# Avoid bling. Especially cheap-looking bling. Shiny stuff is a teen addiction, not the mark of a grown-up lady of sophistication and allure. And be careful with anything too posh. Although I possess a £900 Prada handbag, and I love it, and I feel so fantastic when I'm out with it, it's way too in-your-face posh for ordinary occasions. Unless I want to pose as a successful businesswoman, or it's the opera, when what else would you have on your arm?

# Avoid high heels. Sorry, they accentuate chunky leg muscles. Risk them if you really do have gorgeous legs. But honestly, they scream 'Tranny!'. Like pink minis and basques and fishnets, and bonnets and scarves, heels are badges that give you away. And if you're tall, why would you want to look even taller?

# Head hair is rarely a problem. A lot of natal women try bizarre cuts and colourings. It takes a really dreadful wig to look seriously wrong. But the style should match your apparent age group and face shape. On the whole, I'd say a fly-away, slightly untidy head of hair in your natural colour looks the most convincing, even if it's not the most glamorous thing. I'd never go for a coloured, permed style. I think it would look artificial, contrived, too much like how my Mum used to have her hair twenty or thirty years back. I'd love long, thick, heavy hair as girl students have, but I can't grow it at my age. So it's medium-length, with a plain black Alice band to hold it in place. That's my look, and I'm happy with it. It pays to wear your hair happily. But whatever you do, keep it clean and fresh-looking. Show a comb or brush in public. Pat it about. Flick tiny wisps. Curl it a bit with fingers as you talk or window-shop. Only men neglect their hair, and never fuss with it.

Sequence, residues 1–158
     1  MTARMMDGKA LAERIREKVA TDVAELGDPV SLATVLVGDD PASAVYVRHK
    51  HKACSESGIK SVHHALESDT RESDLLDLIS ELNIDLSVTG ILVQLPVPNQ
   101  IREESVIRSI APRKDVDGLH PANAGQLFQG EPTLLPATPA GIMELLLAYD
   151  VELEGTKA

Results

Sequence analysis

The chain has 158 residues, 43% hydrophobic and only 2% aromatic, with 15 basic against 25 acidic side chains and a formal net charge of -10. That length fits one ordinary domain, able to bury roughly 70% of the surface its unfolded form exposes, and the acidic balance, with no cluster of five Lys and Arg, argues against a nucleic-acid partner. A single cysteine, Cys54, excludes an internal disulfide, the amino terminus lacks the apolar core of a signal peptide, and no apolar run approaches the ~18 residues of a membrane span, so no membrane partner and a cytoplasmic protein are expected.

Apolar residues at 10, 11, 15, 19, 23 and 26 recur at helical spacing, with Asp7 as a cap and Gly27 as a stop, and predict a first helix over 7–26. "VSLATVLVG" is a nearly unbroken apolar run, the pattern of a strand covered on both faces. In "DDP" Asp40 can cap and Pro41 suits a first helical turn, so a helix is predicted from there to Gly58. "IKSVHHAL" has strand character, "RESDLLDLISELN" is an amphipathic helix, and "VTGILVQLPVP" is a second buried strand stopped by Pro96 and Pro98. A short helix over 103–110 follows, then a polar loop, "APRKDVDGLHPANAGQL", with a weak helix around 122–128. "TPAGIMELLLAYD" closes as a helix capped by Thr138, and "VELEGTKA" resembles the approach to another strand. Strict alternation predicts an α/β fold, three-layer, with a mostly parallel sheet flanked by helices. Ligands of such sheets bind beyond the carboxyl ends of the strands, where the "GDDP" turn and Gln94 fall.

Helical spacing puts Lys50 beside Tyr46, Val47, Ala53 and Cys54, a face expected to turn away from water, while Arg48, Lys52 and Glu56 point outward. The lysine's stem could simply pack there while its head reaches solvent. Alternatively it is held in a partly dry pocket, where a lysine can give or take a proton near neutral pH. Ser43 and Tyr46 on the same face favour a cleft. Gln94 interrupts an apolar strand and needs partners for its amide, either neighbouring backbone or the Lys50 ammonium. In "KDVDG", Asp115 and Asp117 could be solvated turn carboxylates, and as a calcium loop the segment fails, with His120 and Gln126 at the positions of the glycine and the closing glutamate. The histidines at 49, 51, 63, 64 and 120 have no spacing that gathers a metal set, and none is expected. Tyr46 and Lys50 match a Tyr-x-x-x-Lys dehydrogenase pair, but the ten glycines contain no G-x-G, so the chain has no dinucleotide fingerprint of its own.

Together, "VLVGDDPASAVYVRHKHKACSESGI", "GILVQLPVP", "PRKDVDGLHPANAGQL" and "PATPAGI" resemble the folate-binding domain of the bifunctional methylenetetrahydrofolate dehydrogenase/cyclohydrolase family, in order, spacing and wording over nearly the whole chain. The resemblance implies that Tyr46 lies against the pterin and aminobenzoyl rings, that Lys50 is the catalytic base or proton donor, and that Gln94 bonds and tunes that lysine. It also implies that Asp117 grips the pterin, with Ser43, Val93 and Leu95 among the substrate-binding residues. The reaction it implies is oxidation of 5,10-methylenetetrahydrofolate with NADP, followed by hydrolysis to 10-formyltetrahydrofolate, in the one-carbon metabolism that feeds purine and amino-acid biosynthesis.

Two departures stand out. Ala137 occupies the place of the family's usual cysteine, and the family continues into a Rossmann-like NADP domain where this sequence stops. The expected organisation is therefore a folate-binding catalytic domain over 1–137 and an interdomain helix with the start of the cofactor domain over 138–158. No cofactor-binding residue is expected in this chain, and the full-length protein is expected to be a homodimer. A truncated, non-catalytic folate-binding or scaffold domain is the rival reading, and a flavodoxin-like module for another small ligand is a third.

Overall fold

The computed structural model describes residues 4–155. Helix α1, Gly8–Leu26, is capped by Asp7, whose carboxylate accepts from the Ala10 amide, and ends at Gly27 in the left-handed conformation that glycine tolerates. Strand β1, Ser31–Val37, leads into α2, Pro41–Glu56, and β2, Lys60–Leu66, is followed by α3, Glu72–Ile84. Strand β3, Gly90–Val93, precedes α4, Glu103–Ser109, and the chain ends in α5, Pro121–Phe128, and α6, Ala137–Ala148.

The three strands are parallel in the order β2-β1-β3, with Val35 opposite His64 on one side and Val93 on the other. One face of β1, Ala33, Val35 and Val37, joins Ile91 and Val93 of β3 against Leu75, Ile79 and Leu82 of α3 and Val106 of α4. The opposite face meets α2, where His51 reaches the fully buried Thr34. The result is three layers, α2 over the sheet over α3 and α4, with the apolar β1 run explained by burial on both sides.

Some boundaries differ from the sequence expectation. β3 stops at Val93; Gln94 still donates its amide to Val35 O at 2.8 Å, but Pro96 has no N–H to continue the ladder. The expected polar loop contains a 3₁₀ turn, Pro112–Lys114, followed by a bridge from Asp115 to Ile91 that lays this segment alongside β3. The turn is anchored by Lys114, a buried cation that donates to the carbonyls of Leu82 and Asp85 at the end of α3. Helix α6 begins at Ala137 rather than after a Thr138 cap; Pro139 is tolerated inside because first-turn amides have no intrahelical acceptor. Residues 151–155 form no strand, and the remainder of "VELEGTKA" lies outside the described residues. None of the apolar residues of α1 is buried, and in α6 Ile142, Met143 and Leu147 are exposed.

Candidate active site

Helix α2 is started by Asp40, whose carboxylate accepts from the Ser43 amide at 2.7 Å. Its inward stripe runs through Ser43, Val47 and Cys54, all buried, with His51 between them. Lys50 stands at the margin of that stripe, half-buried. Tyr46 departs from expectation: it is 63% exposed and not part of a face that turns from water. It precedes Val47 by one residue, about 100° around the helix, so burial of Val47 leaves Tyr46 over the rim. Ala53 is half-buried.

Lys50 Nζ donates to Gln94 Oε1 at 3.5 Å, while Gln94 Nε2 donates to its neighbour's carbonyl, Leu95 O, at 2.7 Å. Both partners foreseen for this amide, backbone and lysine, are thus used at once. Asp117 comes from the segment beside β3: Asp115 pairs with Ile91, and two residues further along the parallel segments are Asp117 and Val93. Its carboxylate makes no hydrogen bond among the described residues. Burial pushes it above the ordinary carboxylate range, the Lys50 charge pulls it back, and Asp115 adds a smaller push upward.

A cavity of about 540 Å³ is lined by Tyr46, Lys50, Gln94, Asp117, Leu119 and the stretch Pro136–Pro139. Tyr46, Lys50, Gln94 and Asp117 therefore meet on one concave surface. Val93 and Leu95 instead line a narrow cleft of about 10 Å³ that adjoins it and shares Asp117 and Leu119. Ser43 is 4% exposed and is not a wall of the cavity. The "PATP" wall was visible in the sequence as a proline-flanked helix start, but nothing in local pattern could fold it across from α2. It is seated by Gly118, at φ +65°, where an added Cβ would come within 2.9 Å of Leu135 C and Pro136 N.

# Cultivate easy, fluid, loose, graceful and womanly body movements. It's not just 'the walk'. Women sit in a characteristic way. When speaking, they use posture in a characteristic way. Ditto, when any men are near. Study natal women. Do what they do until it's second nature.